You spy a cool new throw that you cannot live without—female shoes, spears, beads the size of a child’s head, or even toilet paper. Run up to the float, point at what you want, and ask for it in the most simplistic and loud way possible. “Blinky light!” Continue pointing emphatically and repeating your request until you end up with what you want or until the float rolls out of range. “Blinky light! Blinky light! Blinky light! Blinky light! Blinky light!” This sounds like a terrible idea, but a few parades into last year, I realized that it works surprisingly well. Maybe they appreciate your directness. Maybe they get so annoyed that they just hand you something to shut up. Either way, you’ll feel the rush of victory when you run back to your friends with that blinking light dangling from your neck.
Strategy 3: Persistence
If the rider rejects your request, do not despair. Keep asking for the same throw at each of the subsequent floats. My group struck out on Zulu coconuts until the final four floats last year, but we each walked away with at least one. Chances are you will see a better throw as the parade progresses anyway. When you finally find that special token that makes you want to punch a baby in the face for it, consider following the float whose riders are throwing them out. Walk or run along side of it, focusing on one person. Point and repeat what you want, but continue doing it for several blocks. They may reward your persistence or you may wear them down. If you still come up empty handed, do not take it personally. You gave it your best shot.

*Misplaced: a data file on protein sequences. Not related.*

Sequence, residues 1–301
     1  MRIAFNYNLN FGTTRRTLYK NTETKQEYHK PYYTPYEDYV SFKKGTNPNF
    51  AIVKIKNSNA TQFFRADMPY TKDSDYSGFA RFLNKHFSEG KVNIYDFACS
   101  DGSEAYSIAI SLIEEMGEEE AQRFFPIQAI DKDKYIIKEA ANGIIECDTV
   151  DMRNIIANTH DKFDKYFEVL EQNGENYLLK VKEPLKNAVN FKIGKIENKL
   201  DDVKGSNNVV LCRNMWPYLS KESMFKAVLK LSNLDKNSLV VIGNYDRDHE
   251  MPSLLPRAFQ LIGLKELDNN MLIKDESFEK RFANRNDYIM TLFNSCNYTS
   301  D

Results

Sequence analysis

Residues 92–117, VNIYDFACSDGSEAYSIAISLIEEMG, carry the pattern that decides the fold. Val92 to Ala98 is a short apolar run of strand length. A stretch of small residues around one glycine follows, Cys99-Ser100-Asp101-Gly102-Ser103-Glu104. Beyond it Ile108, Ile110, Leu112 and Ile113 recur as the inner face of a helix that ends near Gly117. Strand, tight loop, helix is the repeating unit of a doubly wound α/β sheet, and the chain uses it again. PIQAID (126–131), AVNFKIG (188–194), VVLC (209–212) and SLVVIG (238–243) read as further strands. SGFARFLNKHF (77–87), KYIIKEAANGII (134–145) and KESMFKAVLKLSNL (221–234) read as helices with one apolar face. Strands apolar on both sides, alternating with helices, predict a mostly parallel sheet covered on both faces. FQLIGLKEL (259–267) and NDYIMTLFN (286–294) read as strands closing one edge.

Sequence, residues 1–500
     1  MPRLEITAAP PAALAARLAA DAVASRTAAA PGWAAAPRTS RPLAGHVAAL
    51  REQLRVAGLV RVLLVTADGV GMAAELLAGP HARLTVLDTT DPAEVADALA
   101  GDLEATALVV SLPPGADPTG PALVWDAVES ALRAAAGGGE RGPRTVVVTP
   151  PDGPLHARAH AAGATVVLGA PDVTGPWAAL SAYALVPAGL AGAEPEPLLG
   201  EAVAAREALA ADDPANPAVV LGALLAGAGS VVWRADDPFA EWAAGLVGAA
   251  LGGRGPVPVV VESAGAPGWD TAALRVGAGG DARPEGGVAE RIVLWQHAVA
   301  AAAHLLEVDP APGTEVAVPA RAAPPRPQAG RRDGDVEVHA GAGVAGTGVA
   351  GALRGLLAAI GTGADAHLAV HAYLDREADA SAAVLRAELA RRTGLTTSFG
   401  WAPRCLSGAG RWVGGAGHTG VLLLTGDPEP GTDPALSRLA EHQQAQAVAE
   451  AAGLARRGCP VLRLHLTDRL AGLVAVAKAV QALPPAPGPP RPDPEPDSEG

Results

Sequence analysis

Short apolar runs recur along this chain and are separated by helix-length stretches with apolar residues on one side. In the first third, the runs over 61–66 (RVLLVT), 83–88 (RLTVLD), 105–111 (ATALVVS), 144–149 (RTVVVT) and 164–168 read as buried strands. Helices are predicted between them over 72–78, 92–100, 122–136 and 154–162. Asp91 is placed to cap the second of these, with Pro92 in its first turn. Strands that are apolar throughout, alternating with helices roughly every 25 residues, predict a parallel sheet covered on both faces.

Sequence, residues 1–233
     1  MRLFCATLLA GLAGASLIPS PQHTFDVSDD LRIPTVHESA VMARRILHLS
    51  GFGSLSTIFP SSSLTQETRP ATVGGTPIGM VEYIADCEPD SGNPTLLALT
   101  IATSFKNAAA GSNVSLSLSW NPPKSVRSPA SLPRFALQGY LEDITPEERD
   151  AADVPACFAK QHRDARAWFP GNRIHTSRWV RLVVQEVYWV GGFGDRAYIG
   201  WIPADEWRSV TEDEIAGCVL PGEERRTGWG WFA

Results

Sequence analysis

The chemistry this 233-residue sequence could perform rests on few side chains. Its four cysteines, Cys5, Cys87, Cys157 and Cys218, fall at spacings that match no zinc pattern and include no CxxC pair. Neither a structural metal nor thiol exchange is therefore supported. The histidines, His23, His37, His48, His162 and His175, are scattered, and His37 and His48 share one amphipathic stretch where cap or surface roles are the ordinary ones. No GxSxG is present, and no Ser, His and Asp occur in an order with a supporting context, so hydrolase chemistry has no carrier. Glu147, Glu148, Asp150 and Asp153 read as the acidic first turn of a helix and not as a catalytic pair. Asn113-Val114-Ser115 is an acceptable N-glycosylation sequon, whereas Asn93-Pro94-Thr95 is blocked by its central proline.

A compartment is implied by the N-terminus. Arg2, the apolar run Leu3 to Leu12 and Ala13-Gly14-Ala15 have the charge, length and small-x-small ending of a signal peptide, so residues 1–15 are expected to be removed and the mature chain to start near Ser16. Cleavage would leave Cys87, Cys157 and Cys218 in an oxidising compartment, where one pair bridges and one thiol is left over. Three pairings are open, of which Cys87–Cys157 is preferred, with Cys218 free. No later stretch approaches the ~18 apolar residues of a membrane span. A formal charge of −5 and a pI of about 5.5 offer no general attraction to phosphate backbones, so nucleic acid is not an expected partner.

Strategy 4: Exploit Friendships
Know someone in a krewe? Be sure to find out their float number and what side of the street you should stand on. Last-minute changes can happen, so send out a “supportive” text before the parade to verify where they will be. When they come rolling by, shout their name and reap the benefits.
Warning: Be careful what you wish for. Last year, we cheered for one of our medical school administrators. We ended up with more beads from that single float than from the rest of the parade, but it came at a price. The whole float unleashed a furious assault and pelted us with balls and unopened bead bags (i.e. plastic bricks). I ended up with at least one bruise from the ambush.
Strategy 4: Bartering
This is the lowest yield method. Last year, we thought it would be genius to offer cold beers or snacks to the riders in exchange for an awesome throw. Turns out most of them have had more than enough alcohol before even getting on the float, and they have an onboard supply, too. Occasionally, riders ask for something specific. At this year’s Krewe du Vieux, a marcher really wanted whiskey. If you have what they crave, jump at the chance. You probably will be rewarded handsomely. If not, you just gained some Mardi Gras karma and finding a ride home or a free bathroom will come much easier.
Final Advice: Do Not Be Stupid
No throws are worth a fight. Maintain perspective: While you feel like a boss in the moment, most of your acquired treasures will end up in your closet or a recycling program within a month. Keep it positive and enjoy the Mardi Gras Magic.
Jarod DuVall currently lives the not-so “Big Easy” life as a Tulane medical student. In his ample spare time, he enjoys exploring New Orleans. He graduated from Washington University in St. Louis as a Howard Nemerov Writing Scholar.